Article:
Two Chinese titans face off: Worlds 2021 RNG vs. EDG match ratings
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Welcome to our Worlds 2021 match ratings, as we enter a showdown between two of China’s best in RNG and EDG. Every day, I, your designated guinea pig and critic, will watch all of the world championship games so you don’t have to. I will be here to dish out star ratings for every game and let you know if I recommend the slew of fights that day at Worlds.

My rating scale is from 1 (lowest) to 5 (highest) stars. Here’s what each star rating means in layman’s terms:

* = Boring. Utterly skippable and something no one will remember by tomorrow.

** = Watchable. Possibly recommended based on your rooting interests.

*** = Good. Something I’d recommend checking out, even if you’re not a fan of either team.

**** = Must-watch. A game or series that you need to watch if you have any interest in League of Legends.

***** = An all-time classic. This perfect rating is only achievable if a game or match is at the highest level of entertainment, gameplay and will go down in the lexicon as a moment no League of Legends fan will ever forget.

After a matchup between two South Korean powerhouses on Friday, Saturday’s quarterfinal at Worlds 2021 featured two of China’s best: RNG and EDG.

Royal Never Give Up, a perennial staple on the international stage in League of Legends, entered the day hoping to return to the Worlds semifinals for the first time since 2017. Edward Gaming, known as much for falling short internationally as they are for being a contender at those events, looked to make their first-ever semifinal.

The RNG and EDG rivalry in the League Pro League is one of the most storied in the esport, and for good reason. Here’s how Saturday’s five-game series matched up with that hype.

RNG vs. EDG Game 1

Game 1: *** ½ stars

After an opening knockout round match in T1 and Hanwha Life Esports that almost put me back to sleep, we received an upgrade in the opener of this all-Chinese quarterfinal.

LPL vs. LPL best-of-fives at the world championship have routinely delivered, and this was more of the same, a cascade of kills filling the screen. While EDG entered as the favorites, especially after seeing how easily T1 handled HLE on Friday, it was the Group C winner in RNG that controlled the hectic play around them and landed the first win of the series.

RNG vs. EDG Game 2

*** ¾ stars

What should have been a sentence-long blowout review by EDG somehow turned into a contest that was one blown teamfight away from being the biggest throw of the entire tournament.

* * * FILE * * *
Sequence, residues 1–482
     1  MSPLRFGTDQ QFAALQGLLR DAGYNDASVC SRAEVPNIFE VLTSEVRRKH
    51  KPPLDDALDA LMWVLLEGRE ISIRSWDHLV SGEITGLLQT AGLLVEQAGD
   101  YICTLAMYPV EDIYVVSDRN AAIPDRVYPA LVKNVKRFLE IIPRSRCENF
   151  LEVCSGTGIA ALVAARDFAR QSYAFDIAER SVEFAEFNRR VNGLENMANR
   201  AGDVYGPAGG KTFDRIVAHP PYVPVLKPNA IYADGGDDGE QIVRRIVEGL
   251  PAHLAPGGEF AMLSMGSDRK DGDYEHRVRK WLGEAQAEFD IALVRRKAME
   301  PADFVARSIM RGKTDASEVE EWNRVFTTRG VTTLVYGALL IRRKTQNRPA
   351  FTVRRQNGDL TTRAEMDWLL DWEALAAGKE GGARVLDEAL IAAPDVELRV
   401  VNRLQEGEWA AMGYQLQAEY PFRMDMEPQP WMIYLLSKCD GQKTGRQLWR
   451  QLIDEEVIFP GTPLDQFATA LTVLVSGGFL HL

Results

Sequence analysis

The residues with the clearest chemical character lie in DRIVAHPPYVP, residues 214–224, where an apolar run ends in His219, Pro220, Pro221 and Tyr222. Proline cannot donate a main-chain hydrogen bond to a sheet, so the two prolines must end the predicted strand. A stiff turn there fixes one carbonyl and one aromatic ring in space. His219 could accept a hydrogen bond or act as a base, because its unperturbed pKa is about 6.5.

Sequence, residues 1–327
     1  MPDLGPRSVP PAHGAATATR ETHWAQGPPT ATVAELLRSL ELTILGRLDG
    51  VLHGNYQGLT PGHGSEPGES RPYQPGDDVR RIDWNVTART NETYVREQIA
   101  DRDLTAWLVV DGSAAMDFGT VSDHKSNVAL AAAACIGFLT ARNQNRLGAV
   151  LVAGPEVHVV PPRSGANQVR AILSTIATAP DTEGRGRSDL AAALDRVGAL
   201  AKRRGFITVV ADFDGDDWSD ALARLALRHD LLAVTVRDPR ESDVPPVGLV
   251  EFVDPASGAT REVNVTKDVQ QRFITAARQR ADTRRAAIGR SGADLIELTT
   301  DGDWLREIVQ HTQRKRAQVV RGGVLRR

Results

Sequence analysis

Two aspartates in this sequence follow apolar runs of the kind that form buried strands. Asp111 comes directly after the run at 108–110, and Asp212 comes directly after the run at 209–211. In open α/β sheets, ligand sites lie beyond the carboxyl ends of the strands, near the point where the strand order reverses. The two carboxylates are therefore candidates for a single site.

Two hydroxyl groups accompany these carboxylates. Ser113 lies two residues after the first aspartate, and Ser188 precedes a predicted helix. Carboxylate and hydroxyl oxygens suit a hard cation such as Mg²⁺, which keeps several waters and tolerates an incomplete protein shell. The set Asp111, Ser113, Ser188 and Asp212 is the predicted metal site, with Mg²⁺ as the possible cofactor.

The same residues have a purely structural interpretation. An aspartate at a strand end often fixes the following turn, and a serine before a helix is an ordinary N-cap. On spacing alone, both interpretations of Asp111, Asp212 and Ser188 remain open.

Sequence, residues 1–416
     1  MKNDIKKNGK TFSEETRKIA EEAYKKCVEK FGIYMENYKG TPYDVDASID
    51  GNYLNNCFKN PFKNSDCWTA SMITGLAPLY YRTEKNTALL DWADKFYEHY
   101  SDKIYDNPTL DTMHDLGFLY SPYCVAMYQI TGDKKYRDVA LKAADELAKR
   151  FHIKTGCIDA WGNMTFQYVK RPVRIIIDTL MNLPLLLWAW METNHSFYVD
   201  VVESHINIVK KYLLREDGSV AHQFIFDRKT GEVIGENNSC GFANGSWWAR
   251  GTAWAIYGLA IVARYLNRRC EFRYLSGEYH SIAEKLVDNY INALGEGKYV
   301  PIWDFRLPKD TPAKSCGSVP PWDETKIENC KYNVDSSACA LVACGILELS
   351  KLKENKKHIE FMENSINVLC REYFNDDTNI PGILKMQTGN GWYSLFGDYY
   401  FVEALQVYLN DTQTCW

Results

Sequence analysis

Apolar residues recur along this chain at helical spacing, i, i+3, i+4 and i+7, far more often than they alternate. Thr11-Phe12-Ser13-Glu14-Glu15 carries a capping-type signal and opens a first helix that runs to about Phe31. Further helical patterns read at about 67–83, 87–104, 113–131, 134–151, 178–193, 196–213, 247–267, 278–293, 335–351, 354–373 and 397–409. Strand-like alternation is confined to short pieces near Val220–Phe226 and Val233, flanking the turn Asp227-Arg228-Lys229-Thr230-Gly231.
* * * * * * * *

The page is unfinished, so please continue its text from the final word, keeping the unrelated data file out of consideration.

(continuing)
Yuan “Cryin” Cheng-Wei’s Annie pick fell on its face early and often, and EDG jumped out to a large advantage in the early game behind the power of Olaf and smart roams by Lee “Scout” Ye-chan in the mid lane. Yet, inexplicably, EDG kept extending the game with unforced errors and allowing RNG to get a foothold in a game they had no business being feisty in.

EDG had Yuumi and a fed Graves, though, so no matter their poor decision-making, they tied up the series.

RNG vs. EDG Game 3

**** stars

Remember last game when EDG built a gigantic lead with proper teamplay and stronger macro until they got overconfident to turn a stomp into a competitive game?

Yeah, so that happened again. Not only did EDG leave the door open multiple times for RNG to make a comeback, they needed to steal two Barons to close out a game that they should have never needed to resort to such heroics to capture.

RNG vs. EDG Game 4

** 1/2 stars

After several games of huge leads being squandered in the mid-game, it was nice to see RNG grab an advantage in the first ten minutes and not look back. We are now set up for a fifth and final map to see who will be the last Chinese team standing at Worlds 2021. Let’s blast “Silver Scrapes” and get this going.

RNG vs. EDG Game 5

** stars

As with all of EDG’s wins in this series, they torpedoed into a massive early advantage through gaining an advantage in the bottom lane with a proactive gambit.

The difference with the series ender, however, was that this time EDG didn’t make those unforced errors that plagued them earlier in the match. It was swift, clean and honestly, pretty easy once they played to their peak level.

EDG will now play the winner of Cloud9 vs. Gen.G in the Worlds 2021 semifinals.

Tyler Erzberger is entering a decade of covering esports. When not traveling around the world telling stories about people shouting over video games, he’s probably arguing with an anime avatar on Twitter about North American esports.
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